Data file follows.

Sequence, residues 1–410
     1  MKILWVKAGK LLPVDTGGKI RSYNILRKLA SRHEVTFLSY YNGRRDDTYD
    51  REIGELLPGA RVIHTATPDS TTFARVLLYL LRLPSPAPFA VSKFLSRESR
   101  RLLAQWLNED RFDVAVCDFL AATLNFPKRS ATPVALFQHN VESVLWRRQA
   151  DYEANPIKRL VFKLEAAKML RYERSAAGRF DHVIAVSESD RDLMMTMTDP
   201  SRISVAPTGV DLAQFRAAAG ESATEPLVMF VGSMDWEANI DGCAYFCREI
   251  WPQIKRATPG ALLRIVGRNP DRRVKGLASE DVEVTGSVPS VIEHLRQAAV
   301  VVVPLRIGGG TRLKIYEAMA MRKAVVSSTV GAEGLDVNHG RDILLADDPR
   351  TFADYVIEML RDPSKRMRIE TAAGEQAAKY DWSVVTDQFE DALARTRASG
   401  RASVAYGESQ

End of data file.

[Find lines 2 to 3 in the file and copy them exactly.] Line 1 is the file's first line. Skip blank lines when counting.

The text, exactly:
     1  MKILWVKAGK LLPVDTGGKI RSYNILRKLA SRHEVTFLSY YNGRRDDTYD
    51  REIGELLPGA RVIHTATPDS TTFARVLLYL LRLPSPAPFA VSKFLSRESR